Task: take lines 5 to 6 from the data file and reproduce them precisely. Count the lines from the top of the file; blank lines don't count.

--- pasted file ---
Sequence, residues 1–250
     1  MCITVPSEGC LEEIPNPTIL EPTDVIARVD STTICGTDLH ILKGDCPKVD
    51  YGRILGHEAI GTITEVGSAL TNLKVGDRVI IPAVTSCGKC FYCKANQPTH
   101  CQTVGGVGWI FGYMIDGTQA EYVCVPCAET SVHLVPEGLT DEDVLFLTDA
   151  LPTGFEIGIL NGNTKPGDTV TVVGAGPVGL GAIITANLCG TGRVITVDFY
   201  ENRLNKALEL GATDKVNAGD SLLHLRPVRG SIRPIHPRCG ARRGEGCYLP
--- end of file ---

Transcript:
   151  LPTGFEIGIL NGNTKPGDTV TVVGAGPVGL GAIITANLCG TGRVITVDFY
   201  ENRLNKALEL GATDKVNAGD SLLHLRPVRG SIRPIHPRCG ARRGEGCYLP